It is essential to keep your heart health in order by controlling your cholesterol levels. In general, a dietician’s advice would be to cut out fatty foods. Particularly, foods with low levels of saturated fat help to keep your low-density lipoprotein (LDL) or ‘bad’ cholesterol levels low. However, you may be wondering what you should be eating to actively lower your levels of LDL and triglycerides. We have compiled a short list of cholesterol-reducing super foods.

Fruits and Vegetables

They are soluble fibres and low in saturated fat, which help in reducing bad cholesterol. It is important to include pulses to your diet such as peas, lentils (daal) and beans. Also, consider adding ladies finger, brinjal, sweet potato, parsnips, broccoli, spinach, strawberry, avocado and apples to your diet. It is possible to consume these raw, juiced or in a cooked form. Adults are recommended a portion size of 80g, which is a handful.

Oats

They contain a soluble fibre called beta-glucan, which binds to cholesterol in the intestines and prevents its absorption. Daily consumption of 3g of beta-glucan is recommended. Two servings of oats can be eaten for breakfast to banish that bad cholesterol.

Soya Products

They are naturally low in saturated fat. Including 15g of soya protein per day can lower your cholesterol levels by 6%, according to Heart UK. Soya alternatives can be found for yoghurt, milk, meat and desserts. Consuming tofu, which has the same texture as paneer can be a healthy alternative. You can also consume edamame beans, a Japanese delicacy and soya nuts.

Nuts

Mixed nuts can be a healthier snacking alternative to chips, samosas or mixtures, which are high in cholesterol. Nuts contain fibre, vegetable protein, unsaturated fats, magnesium, vitamin E and plant sterols. Heart UK suggest a daily intake of 30-35g of nuts to lower cholesterol by 5%. Consume almonds, cashews and walnuts, which are also rich in omega-3. However, keep in mind that nuts are high in calories so practice portion control.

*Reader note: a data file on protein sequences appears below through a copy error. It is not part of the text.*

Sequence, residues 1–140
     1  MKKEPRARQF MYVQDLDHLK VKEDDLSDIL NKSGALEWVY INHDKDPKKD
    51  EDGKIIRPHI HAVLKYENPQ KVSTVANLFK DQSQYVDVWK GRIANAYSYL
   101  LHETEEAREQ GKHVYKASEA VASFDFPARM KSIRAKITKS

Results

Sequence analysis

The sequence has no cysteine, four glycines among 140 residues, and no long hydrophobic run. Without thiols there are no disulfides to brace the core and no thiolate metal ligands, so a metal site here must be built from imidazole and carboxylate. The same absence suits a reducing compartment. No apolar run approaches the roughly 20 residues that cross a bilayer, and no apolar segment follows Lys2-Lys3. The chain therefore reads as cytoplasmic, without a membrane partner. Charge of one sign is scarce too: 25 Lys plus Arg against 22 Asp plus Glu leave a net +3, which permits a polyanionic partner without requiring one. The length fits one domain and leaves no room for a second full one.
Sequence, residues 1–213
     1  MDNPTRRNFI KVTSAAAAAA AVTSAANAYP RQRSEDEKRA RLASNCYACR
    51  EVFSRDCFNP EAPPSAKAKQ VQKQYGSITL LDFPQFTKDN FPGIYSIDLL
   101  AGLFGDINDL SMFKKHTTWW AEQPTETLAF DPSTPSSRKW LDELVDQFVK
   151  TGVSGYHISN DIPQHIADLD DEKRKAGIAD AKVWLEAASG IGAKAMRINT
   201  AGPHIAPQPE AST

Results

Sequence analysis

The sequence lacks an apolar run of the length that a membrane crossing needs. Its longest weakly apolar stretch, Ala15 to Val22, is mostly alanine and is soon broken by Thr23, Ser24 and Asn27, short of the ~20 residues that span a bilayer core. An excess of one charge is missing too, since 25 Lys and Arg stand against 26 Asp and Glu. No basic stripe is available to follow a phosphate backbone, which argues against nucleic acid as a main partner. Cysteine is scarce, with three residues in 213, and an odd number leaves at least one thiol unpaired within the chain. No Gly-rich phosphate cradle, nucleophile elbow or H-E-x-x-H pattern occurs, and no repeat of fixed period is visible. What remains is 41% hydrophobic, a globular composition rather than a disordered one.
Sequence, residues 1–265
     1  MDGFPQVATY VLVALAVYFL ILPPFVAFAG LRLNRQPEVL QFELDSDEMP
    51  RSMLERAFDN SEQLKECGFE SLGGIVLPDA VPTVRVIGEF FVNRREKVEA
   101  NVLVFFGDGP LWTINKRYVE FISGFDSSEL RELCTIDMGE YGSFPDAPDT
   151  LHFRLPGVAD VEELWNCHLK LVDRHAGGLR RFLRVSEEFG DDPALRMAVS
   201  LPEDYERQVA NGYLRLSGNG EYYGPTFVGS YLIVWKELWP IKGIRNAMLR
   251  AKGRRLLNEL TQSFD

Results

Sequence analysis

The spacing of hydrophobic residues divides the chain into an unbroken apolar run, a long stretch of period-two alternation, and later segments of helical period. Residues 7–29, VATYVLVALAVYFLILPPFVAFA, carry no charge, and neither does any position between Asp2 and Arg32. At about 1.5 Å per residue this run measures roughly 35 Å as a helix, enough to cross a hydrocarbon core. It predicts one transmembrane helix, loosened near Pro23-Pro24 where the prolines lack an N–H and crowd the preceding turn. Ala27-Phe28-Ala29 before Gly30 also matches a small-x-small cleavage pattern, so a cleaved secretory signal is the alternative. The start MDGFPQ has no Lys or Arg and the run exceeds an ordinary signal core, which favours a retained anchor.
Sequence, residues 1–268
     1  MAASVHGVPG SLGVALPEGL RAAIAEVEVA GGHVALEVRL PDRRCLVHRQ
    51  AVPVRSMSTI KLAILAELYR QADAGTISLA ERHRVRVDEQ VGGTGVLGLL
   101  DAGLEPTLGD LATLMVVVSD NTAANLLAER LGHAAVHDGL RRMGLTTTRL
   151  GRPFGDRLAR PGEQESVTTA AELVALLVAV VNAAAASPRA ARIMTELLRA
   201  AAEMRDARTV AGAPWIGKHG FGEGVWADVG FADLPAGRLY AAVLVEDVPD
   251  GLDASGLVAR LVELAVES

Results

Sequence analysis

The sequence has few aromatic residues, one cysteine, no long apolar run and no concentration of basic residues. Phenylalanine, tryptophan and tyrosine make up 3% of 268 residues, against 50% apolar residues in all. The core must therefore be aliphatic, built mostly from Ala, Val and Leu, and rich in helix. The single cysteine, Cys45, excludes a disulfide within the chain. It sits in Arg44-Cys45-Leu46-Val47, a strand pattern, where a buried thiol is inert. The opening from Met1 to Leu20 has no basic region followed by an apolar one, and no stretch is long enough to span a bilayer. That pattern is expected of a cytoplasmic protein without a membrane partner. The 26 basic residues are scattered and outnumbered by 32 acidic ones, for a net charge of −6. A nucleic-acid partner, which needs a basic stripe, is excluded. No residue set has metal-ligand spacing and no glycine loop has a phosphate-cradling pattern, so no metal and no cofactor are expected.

Salmon

They are a very rich source of omega-3 that can help keep heart disease and dementia away. Fatty acids in fish help to lower bad cholesterol levels. Sardines, herring, tuna and anchovies can also be good sources of omega-3, which can raise good cholesterol by about 4%, according to prevention.com.

Chocolate

Yes! Your favourite snack can actually keep cholesterol levels at bay. Dark or bittersweet chocolate is better for health, as it contains three times as much antioxidants, compared to milk chocolate. The antioxidants work to keep your arteries unclogged, which leads to coronary artery disease, by preventing blood platelets from sticking together. White chocolate does not contain any antioxidants, so try to refrain from it.

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